Wednesday, 27 April 2011

Complete and utter frustration

Have you ever had an experience that completely wrenched you up inside? I'm not talking about anger or heartache, but complete and utter frustration. I think doctors and teachers (schools) are the two biggies, which is no surprise since, as mothers, we place such a high importance on the health and education of our children.

I had such a moment last week. I asked for an interview with Colin's teacher, just to check up on his progress in the class. Now, I will preface all this by noting that I think Colin has a fantastic teacher. Blessed with a class of only 8 kids, she is really able to tailor everything to the kids she has and their specific needs. She constantly pushes them beyond normal grade expectations. She incorporates fun and games into learning. Her classroom makes me smile when I go in, because it seems like a learning Wonderland. It makes me want to go back to kindergarten.

At any rate, I have had a close pulse on Colin's progress this past year. Having missed junior kindergarten in the Francophone setting, he came into senior kindergarten quite far behind the others when it comes to language. He's smart as a whip and working at a grade two level in all other areas, and it is only circumstance that has him at this disadvantage. The teacher admitted that if she has a high-middle-low scale, and that Colin is definitely in the low end, with two other children (out of 8, remember.) She also affirmed that it really only is the language, and that he readily excels in all other areas. As we spoke, she said that in grade one, there will be much more emphasis on language, without the benefit of the exaggerated gestures she uses to help in getting across her point.

So I posed the question: does she think grade one will challenge Colin to catch up, or cause him to give up completely? In other words, I asked, would Colin benefit from being kept back in junior kindergarten again?

Her answer: I can't answer that question.

So I rephrased, thinking she hadn't understood me. But, no, she had understood perfectly. She reiterated that she is not allowed to answer that question. Meaning that she is not allowed to even discuss with me holding Colin back a year.


My mother, also a teacher, had previously mentioned that she is not allowed to fail a child, but that if the parent opens the conversation, it can be addressed. But as a teacher she was not allowed to recommend to the parent to keep back their child.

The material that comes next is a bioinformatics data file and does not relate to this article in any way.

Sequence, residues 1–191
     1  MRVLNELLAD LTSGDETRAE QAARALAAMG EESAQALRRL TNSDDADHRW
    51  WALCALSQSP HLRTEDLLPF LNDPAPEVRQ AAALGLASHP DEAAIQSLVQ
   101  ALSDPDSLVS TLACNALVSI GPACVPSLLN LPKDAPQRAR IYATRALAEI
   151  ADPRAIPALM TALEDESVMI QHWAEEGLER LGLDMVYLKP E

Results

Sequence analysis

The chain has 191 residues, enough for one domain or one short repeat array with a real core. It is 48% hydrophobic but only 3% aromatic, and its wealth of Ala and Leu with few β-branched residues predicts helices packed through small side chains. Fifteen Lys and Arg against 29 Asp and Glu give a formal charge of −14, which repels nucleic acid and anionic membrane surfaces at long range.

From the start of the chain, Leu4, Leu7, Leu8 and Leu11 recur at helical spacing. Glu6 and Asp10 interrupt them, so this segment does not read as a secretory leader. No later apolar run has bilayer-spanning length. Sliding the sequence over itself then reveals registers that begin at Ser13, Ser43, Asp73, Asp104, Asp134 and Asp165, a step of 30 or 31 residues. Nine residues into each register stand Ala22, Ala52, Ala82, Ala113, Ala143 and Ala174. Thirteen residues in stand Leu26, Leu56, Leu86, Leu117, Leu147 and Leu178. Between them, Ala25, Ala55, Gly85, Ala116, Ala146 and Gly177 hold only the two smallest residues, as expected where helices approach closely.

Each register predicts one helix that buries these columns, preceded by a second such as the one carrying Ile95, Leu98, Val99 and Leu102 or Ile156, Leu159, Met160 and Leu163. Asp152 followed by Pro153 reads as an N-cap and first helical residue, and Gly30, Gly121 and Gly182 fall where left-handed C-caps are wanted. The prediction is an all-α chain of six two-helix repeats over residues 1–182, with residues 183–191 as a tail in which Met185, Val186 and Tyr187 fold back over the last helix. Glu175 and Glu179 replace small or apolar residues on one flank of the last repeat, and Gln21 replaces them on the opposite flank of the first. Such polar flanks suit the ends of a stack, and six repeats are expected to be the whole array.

First of all, I think that is ridiculous. I am a very involved mother and constantly know what is going on, but not all parents are. If, for whatever reason, I wasn't able to really know what was going on in the classroom, I would hope to high heaven the teacher would warn me that my child might not be ready for the next grade.

But that is not even my point. My point is that I broached the subject, looking for the advice from the teaching professional, the person who knows the curriculum and has watched the growth of my child all year within the school setting, and should have some valuable information and opinion on whether moving on would be beneficial or harmful to my child's learning experience.

I think I sat, mouth agape, speechless, for a good minute. I fumbled over my words, not willing to give up quite yet. I posed the utterly, ridiculous "scenario" of a child "like Colin" and if "such a child" should be "hypothetically" held back. Thankfully, the teacher was willing to start opening up at this point, seeing that I wasn't going to back down on this one. In not so many words, she suggested that Colin's dedication to learning should help him improve quickly, although because French is not his first language, and it is not spoken at home, he would never be able to reach the same level as a truly Francophone child. (Less than 10% in the school are.)

I always worried if James' and my french would ever become a hinderance to Colin's success in this program, and it appears that it might. While many children are not Francophones, most do have one parent that speaks French as a first language. The only "saving grace" is that in many cases, even that parent isn't speaking french at home. I have a feeling that while we might keep the boys in the Francophone program for the short term, that by grade 4 or 5 we may switch them over to French Immersion. We'll play it by ear, though.

In the end, I was outraged by the bureaucratic handcuffs placed on teachers. If they think that pushing kids through from grade to grade when they are clearly not ready is a great self-esteem booster, they are crazy. The kids only fall further and further behind and end up in high school barely able to read and write. Yeah, that sure makes them feel great about themselves.

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